If that were all the inspiration Taylor had up his authorial sleeve, Wedding Dance would be sitcom-simple—and more than a tad unsavory. But the playwright uses his second act to look at children’s myths and how they affect urban expectations, bringing a welcome bit of complexity to his observations. Story time in the children’s section at Bessie’s bookstore brings pimplike Princes Charming, cross-dressing wicked stepmoms, and a Caribbean-accented, Miss Cleo-ish fairy godmother to life. Stereotypes are skewered with enough cleverness to suggest that the ones you’ve seen in the first act need a bit of revisiting as well.

Now, how you feel about the redeemability of swains who club wheelchair-bound old ladies over the head and steal their disability payments is likely to color your reaction to the play’s conclusion, but the getting-there is original and briskly amusing in Jennifer L. Nelson’s quick-stepping production. Harrison makes Bessie a winningly erudite presence, whether praying on her mother’s behalf (“She casts bread on the waters when her stomach is growlin’”) or trading quips with Jiggetts’ relaxed, charming thug. Johnson’s inventive clowning (especially when Ab gets shot) takes some sting out of the play’s direst events. (The mugging takes place offstage, thank heaven, or the play would never recover.) Thompson makes Gayle refreshingly upbeat in the face of her disability, and Wilson does what he can as the play’s authorial conscience.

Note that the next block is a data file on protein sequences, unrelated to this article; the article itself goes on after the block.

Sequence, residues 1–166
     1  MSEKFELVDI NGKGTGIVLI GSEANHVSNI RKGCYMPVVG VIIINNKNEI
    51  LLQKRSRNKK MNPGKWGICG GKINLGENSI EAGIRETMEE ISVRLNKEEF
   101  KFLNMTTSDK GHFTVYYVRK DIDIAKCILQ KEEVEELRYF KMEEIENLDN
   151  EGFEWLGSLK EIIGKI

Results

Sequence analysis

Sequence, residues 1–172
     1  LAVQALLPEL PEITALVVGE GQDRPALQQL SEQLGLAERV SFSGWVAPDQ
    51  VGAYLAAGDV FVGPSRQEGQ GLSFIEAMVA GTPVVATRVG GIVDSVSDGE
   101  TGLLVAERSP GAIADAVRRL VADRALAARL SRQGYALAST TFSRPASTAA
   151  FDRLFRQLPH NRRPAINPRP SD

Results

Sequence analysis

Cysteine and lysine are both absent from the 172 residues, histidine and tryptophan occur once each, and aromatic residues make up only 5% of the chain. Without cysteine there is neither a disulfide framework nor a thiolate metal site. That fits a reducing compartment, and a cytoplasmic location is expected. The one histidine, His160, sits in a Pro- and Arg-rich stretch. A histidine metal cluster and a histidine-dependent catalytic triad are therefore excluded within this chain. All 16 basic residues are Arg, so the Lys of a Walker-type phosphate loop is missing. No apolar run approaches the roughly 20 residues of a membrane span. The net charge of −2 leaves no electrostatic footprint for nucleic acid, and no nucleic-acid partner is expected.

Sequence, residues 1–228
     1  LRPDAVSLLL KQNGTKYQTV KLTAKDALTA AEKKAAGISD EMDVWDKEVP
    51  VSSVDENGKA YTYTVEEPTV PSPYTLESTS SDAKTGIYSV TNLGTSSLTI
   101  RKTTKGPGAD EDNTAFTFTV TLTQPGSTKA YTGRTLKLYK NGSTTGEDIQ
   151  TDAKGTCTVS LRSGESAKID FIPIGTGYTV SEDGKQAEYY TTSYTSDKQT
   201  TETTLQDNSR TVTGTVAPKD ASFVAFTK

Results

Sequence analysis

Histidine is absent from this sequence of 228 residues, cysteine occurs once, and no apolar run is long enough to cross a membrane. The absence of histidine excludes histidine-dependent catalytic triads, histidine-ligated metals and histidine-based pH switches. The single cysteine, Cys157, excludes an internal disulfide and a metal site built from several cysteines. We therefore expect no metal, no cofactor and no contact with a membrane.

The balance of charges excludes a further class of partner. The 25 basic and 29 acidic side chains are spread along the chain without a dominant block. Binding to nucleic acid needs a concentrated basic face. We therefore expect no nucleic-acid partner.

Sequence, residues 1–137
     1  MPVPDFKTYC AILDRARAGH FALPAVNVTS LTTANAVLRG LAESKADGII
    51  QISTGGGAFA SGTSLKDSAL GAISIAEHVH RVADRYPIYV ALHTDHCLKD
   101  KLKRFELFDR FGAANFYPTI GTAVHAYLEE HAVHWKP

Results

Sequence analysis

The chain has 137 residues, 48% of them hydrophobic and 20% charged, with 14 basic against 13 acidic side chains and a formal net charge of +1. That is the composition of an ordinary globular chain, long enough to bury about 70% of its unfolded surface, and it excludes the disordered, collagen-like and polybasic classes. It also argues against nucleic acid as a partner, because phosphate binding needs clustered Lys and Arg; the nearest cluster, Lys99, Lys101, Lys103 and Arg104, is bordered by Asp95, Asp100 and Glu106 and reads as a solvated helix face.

But none of it quite makes the thought of a relationship between mugger and muggee’s daughter emotionally palatable—which may be why the author has constructed the play as a series of overlapping vignettes. In addition to the central romance, there are the stories the young men tell each other to pass the time, interrupted by the stories they tell each other to impress passers-by, interrupted by prayers, and songs, and fairy tales. Brisk and self-contained, these scene-sketches ultimately add up to pretty sprightly entertainment, even if the motivations and situations aren’t always entirely persuasive. Call them tricky choreography where a nicely executed pas de deux would be more satisfying. Still, they keep Wedding Dance tooling gracefully around the stage.